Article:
Manufacturing overheads are indirect costs of a product. If they are direct costs, they won’t be termed overheads. Manufacturing overhead (also referred to as factory overhead, factory burden, and manufacturing support costs) refers to indirect factory-related costs that are incurred when a product is manufactured. It includes the costs incurred in the factory other than the costs of direct materials and direct labor. This is the reason that manufacturing overhead is often classified as an indirect cost. Along with costs such as direct material and direct labor, the cost of manufacturing overhead must be assigned to each unit produced so that Inventory and Cost of Goods Sold are valued and reported according to generally accepted accounting principles (GAAP).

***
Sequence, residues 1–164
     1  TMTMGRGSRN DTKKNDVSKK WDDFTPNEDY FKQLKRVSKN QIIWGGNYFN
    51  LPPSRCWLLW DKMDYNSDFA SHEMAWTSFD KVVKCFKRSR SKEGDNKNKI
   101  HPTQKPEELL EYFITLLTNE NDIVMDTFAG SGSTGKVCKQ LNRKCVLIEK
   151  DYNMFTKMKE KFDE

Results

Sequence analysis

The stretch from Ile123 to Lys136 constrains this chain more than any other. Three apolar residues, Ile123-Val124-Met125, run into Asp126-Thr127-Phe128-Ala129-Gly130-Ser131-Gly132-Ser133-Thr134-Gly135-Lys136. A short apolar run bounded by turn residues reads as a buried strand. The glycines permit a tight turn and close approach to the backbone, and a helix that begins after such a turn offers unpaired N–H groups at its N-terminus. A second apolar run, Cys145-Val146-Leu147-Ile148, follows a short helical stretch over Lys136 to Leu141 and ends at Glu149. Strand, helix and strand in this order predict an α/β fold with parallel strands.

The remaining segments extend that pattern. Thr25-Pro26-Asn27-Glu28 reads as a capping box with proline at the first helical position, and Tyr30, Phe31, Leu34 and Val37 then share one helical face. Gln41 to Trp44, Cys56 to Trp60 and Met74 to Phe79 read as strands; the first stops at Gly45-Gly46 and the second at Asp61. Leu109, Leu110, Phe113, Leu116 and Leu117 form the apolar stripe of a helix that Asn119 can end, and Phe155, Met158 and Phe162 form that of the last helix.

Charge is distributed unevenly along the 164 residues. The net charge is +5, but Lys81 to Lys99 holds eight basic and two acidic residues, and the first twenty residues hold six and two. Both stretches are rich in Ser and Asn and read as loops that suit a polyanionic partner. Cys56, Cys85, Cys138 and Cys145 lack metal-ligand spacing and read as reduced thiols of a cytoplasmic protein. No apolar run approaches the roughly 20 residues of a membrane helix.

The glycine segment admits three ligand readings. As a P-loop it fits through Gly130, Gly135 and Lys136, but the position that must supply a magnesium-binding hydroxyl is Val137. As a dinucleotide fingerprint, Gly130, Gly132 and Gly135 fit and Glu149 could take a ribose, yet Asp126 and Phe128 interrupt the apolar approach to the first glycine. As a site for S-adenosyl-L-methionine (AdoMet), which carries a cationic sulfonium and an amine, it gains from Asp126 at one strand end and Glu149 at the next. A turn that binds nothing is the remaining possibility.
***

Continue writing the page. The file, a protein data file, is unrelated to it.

Manufacturing overhead includes such things as the electricity used to operate the factory equipment, depreciation on the factory equipment and building, factory supplies and factory personnel (other than direct labor). It is a constant rate necessary to produce units. Regardless of the size of your operation, you still have to pay a fixed rate for rent, equipment, utilities, etc. to manufacture a single unit. How these costs are assigned to products has an impact on the measurement of individual products profitability. Because manufacturing overhead is an indirect cost, accountants are faced with the task of assigning or allocating overhead costs to each of the units produced.